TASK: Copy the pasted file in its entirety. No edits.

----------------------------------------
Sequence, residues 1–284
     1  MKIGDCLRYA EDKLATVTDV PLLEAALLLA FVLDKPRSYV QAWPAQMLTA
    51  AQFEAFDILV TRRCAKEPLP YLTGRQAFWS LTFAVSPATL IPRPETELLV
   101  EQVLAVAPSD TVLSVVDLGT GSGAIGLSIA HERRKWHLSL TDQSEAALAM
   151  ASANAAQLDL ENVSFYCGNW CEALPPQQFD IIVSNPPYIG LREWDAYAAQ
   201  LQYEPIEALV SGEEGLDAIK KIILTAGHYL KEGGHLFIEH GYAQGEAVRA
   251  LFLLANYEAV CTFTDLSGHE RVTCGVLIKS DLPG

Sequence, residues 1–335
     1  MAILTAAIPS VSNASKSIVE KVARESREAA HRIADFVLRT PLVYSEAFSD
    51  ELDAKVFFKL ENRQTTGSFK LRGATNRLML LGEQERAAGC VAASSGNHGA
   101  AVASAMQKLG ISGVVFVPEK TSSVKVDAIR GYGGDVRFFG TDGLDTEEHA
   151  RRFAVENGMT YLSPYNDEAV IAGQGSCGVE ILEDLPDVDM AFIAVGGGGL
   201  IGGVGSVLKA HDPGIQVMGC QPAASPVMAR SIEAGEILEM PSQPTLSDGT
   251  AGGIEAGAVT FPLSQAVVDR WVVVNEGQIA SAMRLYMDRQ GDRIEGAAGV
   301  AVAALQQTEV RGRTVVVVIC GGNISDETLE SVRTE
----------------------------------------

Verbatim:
Sequence, residues 1–284
     1  MKIGDCLRYA EDKLATVTDV PLLEAALLLA FVLDKPRSYV QAWPAQMLTA
    51  AQFEAFDILV TRRCAKEPLP YLTGRQAFWS LTFAVSPATL IPRPETELLV
   101  EQVLAVAPSD TVLSVVDLGT GSGAIGLSIA HERRKWHLSL TDQSEAALAM
   151  ASANAAQLDL ENVSFYCGNW CEALPPQQFD IIVSNPPYIG LREWDAYAAQ
   201  LQYEPIEALV SGEEGLDAIK KIILTAGHYL KEGGHLFIEH GYAQGEAVRA
   251  LFLLANYEAV CTFTDLSGHE RVTCGVLIKS DLPG

Sequence, residues 1–335
     1  MAILTAAIPS VSNASKSIVE KVARESREAA HRIADFVLRT PLVYSEAFSD
    51  ELDAKVFFKL ENRQTTGSFK LRGATNRLML LGEQERAAGC VAASSGNHGA
   101  AVASAMQKLG ISGVVFVPEK TSSVKVDAIR GYGGDVRFFG TDGLDTEEHA
   151  RRFAVENGMT YLSPYNDEAV IAGQGSCGVE ILEDLPDVDM AFIAVGGGGL
   201  IGGVGSVLKA HDPGIQVMGC QPAASPVMAR SIEAGEILEM PSQPTLSDGT
   251  AGGIEAGAVT FPLSQAVVDR WVVVNEGQIA SAMRLYMDRQ GDRIEGAAGV
   301  AVAALQQTEV RGRTVVVVIC GGNISDETLE SVRTE